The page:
With the nation as divided politically as it is today, the chance that a political leader can face a serious threat constantly lurks in the shadows. On Friday, for Congressman Lee Zeldin that threat became all too real.
An irate 75-year-old Nesconset man showed up at Zeldin’s Patchogue office, threatened to kill supporters of Zeldin and President Donald Trump, and then allegedly tried to run over a Zeldin campaign worker.
Suffolk County Police said Martin Astrof went to Zeldin’s office at 182 Terry Road office at about 11:15 AM on Friday, July 6, and argued with a Zeldin volunteer later identified as Donato Panico. He threatened to kill Panico and other supporters of the Trump administration, and then backed up his car in an “aggressive manner” at Panico, who was standing by the front of the office.
Police did not release the details of the threats made.
“As someone who has personally received several death threats and have had my wife and kids targeted as well since the last presidential election, I can say with firsthand experience that what Donato experienced today really needs to end throughout our country immediately,” Zeldin said.
Last year a particularly ominous threat had Zeldin’s camp on edge.
In early 2017, The Independent learned Zeldin received “a credible death threat.” Security personnel, possibly the United States Capitol Police, suggested Zeldin curtail his activities, and placed the congressman under heightened security.
“A threat arrived to the district office [Patchogue] from a local resident,” the communications director for Zeldin, Jennifer Di Siena, told The Independent. “The person was advocating for the congressman to be shot.”
Despite the occurrence at his office and the death threat, Zeldin “kept his regular appearance schedule,” Di Siena said.
On another front, Zeldin agreed to meet with three members of the anti-Trump group Project Free Knowledge on February 20 after its co-founder, Anna Steinman, had complained about Zeldin’s staff. She said at an earlier meeting she was treated rudely, calling Zeldin’s people “hostile.”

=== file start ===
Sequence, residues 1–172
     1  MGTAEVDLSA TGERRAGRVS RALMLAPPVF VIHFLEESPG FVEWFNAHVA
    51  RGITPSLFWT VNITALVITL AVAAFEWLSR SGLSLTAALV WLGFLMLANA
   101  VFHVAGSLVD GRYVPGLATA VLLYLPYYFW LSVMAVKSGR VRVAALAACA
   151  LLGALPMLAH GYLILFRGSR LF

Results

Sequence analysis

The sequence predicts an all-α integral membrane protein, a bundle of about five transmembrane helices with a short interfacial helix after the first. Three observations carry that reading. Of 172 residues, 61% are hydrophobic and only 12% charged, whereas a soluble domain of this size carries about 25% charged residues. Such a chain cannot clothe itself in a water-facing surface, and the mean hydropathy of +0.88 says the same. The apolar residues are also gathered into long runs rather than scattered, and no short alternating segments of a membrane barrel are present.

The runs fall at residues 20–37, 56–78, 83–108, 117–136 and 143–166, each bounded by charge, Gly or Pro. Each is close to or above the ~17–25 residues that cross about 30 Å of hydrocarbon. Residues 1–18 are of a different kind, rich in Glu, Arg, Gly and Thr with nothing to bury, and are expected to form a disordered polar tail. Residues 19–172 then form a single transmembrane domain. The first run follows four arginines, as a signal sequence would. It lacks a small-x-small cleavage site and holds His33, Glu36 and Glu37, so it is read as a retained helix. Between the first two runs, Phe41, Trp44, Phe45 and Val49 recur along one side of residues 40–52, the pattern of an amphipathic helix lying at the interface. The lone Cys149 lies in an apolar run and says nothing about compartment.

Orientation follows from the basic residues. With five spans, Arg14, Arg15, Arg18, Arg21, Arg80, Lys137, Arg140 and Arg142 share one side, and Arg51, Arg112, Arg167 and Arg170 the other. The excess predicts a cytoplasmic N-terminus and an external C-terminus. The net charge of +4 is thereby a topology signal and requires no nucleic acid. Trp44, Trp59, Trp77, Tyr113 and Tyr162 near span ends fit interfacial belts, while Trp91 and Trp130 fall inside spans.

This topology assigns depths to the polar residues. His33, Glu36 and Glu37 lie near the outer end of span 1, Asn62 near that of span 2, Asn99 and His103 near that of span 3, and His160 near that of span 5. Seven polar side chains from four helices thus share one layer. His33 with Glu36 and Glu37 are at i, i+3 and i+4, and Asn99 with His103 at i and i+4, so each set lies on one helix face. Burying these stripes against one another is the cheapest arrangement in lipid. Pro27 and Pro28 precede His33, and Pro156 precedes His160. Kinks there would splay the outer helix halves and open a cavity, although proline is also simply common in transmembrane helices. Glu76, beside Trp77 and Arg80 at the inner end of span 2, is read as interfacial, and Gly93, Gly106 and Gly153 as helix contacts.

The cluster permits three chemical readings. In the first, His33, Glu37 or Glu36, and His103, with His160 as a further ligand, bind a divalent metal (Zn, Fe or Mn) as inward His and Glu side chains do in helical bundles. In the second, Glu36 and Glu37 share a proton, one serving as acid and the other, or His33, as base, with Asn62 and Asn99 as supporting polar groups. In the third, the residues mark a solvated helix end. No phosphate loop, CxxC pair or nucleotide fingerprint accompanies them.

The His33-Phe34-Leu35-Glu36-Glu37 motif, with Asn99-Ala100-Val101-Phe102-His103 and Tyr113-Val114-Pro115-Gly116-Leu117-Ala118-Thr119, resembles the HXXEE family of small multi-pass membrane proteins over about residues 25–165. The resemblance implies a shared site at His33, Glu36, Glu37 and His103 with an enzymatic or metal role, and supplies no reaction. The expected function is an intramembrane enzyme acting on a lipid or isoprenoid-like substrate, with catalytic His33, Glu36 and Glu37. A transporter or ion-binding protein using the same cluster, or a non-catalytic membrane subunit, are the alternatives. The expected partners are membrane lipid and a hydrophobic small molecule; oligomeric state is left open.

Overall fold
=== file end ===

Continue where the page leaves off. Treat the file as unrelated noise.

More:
Zeldin invited her back, along with two colleagues, for a face-to-face meeting with him at his Patchogue office, but apparently because of the threatening letter, Zeldin’s security personnel asked the names of the three group members who would be attending, presumably to run background checks on them.
According to a source close to Zeldin, the three arrived for the scheduled meeting on March 8, but a fourth man entered the room. He refused to provide identification. “He was un-vetted and unannounced,” the source said. Zeldin was in the next room while campaign workers, concerned about the man’s demeanor, called for security and stalled the meeting.
The man abruptly left the room when asked for identification and escaped without being detained by authorities.
A rally scheduled for April 18, 2017, in Southampton Village became a focus for Zeldin’s security personnel. “We had information the meeting was being co-opted by demonstrators,” Di Siena said.
Project Free Knowledge was urging its people to attend, as was Indivisible Against Hate and Timeforchange LI, two more anti-Trump groups. Zeldin reluctantly agreed to cancel his appearance there.
There is no indication that last year’s events had anything to do with the incident involving Astrof.
Astrof was arrested in front of his home a short time after he went to the Terry Road office on Friday and charged with making a terroristic threat, which is a felony, and second-degree reckless endangerment, police said.
On July 7, Astrof appeared briefly on his way to court, wearing shorts and a horizontal striped t-shirt. “Absolutely not,” he replied when asked if he tried to run over Panico. He was arraigned and released after positing bail, which was set at $15,000 cash or $25,000 bond.
“In the United States of America, political scores are settled at the ballot box, not by trying to kill your political opponents. It is unacceptable to resort to actions to kill or seriously harm political opponents or otherwise incite those violent actions by others. It must stop now,” Zeldin said.